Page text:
An increase in demand for the intravenous (IV) saline solution, commonly used in hospitals to hydrate patients, had healthcare service providers and pharmacists scrambling for supplies. Hospitals now use smaller IV bags with slower drip rates and healthcare service providers have been told to look for alternative solutions, such as using oral hydration fluids to cope with the shortage.

"From a pharmacy and nursing standpoint, clearly there's a significant amount of work put into it to make sure we don't run out and we manage the supplies we have in the most effective manner," said Dean Parry, director of pharmacy clinical programs at Geisinger Health System.

The U.S. Food and Drug Administration (FDA) has already acknowledged the problem and said on Tuesday it is working with three major manufacturers, namely, Baxter International Inc., Hospira Inc. and B. Braun Medical Inc. "FDA is concerned about the seriousness of the shortage and working closely with manufacturers to ramp up supplies," said FDA press officer Christopher Kelly to USA Today in an emailed statement. "We are also investigating foreign suppliers to help address the situation."

Valerie Jensen, FDA's associate director for drug shortages, said that manufacturers already informed the agency late last year that they expect delays in filling orders but a spike in flu cases two weeks ago, have increased demand for IV saline and exacerbated the situation. "We have not heard of anyone running out of the IV solutions at this point, but we know the hospitals are not comfortable with the low supplies," Jensen said.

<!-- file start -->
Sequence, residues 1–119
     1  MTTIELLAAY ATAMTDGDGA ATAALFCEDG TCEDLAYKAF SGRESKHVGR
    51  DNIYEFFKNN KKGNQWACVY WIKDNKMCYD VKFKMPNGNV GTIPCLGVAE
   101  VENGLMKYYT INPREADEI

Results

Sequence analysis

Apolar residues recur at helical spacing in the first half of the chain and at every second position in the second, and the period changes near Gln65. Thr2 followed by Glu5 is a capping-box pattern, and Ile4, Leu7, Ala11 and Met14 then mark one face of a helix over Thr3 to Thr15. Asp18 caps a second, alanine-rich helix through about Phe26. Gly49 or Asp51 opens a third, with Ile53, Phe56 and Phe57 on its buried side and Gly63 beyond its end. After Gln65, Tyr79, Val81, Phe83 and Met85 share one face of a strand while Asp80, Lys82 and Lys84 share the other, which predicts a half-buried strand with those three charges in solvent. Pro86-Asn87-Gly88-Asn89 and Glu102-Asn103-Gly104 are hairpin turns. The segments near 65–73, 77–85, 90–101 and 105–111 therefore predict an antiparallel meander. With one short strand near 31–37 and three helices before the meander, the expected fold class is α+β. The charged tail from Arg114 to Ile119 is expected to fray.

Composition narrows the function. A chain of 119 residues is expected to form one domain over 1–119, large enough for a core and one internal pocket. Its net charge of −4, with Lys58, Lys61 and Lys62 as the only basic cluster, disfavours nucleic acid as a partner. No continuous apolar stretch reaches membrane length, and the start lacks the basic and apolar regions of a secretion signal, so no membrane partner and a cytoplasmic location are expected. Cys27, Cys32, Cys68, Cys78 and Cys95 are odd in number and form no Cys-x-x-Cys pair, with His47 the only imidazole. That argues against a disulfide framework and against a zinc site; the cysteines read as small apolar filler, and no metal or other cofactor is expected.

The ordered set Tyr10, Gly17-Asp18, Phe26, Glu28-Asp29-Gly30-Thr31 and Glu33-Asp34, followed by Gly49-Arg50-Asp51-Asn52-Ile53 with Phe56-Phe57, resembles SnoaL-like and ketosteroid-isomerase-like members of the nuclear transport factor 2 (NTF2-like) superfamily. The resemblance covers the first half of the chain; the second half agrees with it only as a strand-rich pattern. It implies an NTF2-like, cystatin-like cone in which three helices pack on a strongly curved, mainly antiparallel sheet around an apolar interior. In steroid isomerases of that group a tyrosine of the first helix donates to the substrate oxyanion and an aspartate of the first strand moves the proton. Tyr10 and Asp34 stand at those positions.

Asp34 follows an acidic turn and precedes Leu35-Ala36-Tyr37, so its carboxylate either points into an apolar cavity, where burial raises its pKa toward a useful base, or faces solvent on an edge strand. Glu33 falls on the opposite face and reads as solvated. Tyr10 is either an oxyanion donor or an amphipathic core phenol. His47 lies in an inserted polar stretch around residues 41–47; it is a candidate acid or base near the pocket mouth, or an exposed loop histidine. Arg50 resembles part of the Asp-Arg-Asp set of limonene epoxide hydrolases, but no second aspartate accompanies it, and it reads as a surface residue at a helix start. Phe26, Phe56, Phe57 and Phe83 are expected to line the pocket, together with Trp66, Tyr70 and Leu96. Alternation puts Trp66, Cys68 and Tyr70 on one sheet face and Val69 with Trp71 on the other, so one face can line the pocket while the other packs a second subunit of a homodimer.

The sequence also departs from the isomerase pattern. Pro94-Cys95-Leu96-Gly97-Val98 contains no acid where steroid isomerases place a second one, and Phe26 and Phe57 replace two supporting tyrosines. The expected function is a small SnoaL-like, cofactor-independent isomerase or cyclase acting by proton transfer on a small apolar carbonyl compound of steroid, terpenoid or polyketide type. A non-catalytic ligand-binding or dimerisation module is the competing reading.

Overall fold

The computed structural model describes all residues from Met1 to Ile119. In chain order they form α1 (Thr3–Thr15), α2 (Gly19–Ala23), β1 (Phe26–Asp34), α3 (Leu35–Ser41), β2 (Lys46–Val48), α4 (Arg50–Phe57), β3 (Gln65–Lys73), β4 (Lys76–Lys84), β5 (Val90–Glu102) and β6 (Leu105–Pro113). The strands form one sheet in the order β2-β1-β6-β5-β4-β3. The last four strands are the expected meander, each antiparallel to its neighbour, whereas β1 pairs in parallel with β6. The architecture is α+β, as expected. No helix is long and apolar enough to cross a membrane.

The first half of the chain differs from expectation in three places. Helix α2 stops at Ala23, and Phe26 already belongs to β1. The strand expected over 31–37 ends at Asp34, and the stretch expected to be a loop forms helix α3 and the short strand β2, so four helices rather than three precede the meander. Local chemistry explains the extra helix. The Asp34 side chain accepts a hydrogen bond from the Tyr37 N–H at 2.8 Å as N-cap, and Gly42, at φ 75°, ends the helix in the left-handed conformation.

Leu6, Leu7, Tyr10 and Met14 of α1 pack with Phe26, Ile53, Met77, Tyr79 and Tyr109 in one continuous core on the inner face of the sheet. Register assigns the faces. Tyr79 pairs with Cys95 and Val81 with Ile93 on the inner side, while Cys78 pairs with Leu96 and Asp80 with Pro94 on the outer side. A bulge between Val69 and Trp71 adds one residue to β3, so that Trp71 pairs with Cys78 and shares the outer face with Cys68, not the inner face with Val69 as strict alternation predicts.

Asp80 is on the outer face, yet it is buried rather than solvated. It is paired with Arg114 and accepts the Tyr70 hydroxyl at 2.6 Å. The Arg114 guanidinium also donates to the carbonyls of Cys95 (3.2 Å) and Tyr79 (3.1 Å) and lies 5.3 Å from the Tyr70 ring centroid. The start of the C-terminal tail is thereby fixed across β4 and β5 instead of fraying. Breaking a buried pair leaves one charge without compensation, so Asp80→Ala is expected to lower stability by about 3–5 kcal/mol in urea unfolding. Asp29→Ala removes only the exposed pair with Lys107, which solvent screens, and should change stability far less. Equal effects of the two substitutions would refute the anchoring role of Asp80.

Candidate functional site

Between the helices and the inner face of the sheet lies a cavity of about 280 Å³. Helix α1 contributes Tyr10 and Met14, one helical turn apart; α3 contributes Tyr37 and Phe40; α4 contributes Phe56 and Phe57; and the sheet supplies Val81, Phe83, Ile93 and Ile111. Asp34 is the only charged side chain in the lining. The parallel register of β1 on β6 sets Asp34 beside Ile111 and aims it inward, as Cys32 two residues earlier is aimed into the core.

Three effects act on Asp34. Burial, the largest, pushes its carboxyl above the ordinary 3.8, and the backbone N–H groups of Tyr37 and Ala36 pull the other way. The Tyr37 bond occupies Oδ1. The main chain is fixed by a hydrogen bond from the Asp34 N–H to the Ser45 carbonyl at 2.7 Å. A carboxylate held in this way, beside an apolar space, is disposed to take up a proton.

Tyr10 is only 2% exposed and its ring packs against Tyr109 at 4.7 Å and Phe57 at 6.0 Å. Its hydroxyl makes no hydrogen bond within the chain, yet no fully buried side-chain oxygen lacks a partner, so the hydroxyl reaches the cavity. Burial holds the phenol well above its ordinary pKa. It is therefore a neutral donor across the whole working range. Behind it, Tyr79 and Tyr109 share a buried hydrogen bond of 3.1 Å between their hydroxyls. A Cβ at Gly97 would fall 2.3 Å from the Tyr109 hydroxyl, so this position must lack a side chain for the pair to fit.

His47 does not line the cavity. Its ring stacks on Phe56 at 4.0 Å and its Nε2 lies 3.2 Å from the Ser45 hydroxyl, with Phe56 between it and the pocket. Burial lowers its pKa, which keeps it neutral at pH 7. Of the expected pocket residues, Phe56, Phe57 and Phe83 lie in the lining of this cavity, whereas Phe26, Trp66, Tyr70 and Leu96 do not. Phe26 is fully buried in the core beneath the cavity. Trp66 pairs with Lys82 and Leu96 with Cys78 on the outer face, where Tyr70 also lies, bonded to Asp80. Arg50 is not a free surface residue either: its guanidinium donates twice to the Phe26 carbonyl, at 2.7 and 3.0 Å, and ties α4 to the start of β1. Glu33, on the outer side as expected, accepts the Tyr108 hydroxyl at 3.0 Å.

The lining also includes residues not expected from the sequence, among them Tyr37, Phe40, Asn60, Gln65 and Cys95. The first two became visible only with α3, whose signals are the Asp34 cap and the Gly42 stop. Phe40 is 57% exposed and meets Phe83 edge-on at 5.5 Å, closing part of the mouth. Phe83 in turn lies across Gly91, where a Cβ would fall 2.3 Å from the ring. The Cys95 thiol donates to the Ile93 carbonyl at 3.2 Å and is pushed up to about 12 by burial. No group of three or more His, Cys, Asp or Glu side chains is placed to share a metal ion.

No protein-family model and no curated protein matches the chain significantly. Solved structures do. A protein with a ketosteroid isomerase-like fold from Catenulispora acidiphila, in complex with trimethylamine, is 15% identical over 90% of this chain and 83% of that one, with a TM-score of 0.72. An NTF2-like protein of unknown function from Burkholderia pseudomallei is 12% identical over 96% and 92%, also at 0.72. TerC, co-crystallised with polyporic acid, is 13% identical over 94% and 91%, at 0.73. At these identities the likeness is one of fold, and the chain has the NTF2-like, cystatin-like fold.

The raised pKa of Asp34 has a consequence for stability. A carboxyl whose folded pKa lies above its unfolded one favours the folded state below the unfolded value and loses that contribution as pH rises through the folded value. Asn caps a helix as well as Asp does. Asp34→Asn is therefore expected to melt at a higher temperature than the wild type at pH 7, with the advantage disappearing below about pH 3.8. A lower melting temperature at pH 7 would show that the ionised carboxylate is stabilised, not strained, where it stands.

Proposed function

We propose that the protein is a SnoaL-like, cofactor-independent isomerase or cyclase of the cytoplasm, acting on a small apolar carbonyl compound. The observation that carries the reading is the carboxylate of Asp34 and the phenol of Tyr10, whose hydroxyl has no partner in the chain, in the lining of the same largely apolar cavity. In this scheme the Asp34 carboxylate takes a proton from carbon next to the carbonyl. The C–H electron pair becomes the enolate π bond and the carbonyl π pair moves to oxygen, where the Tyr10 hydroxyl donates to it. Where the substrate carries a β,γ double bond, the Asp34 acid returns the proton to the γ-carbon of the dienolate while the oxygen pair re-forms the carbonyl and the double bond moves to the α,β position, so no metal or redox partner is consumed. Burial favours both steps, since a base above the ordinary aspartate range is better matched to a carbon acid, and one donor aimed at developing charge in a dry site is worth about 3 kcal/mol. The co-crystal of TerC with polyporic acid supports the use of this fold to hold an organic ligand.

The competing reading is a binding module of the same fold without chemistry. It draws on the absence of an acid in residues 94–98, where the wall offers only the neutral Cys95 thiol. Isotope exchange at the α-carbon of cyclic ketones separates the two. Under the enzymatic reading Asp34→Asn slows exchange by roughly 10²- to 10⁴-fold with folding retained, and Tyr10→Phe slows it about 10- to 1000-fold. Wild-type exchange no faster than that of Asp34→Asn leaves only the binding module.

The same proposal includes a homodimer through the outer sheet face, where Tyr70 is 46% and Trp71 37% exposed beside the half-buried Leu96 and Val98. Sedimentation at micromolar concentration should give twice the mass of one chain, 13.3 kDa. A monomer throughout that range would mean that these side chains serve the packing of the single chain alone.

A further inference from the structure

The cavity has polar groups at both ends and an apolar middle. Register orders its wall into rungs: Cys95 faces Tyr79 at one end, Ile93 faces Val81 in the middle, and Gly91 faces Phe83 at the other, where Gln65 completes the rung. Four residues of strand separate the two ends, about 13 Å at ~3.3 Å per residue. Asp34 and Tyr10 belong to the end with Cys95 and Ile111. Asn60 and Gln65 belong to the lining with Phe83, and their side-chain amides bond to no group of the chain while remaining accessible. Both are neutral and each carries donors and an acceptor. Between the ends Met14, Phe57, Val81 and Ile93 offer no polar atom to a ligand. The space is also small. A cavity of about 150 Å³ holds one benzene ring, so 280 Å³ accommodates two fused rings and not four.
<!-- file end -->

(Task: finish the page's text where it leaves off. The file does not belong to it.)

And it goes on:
Michelle Corrado, president of the Massachusetts Society for Health System Pharmacists, said that because of the shortage, the price of saline IV bag has increased to up to six times its normal cost of $1 to $1.25.

Manufacturers said they are doing their part to ensure supply. "We are doing everything we can to meet the increase in demand," said Hospira spokesman Dan Rosenberg.

Baxter spokeswoman Deborah Spak, on the other hand, said that Baxter has increased its production to provide supplies for patients with the most urgent needs. "Baxter has been manufacturing solutions at maximum capacity in amounts exceeding those of prior years and is making investments to further increase supply in 2014," Spak said.

Dialysis centers also need IV saline but many centers were notified about a shortage beforehand and some of them have stocked up on supplies.

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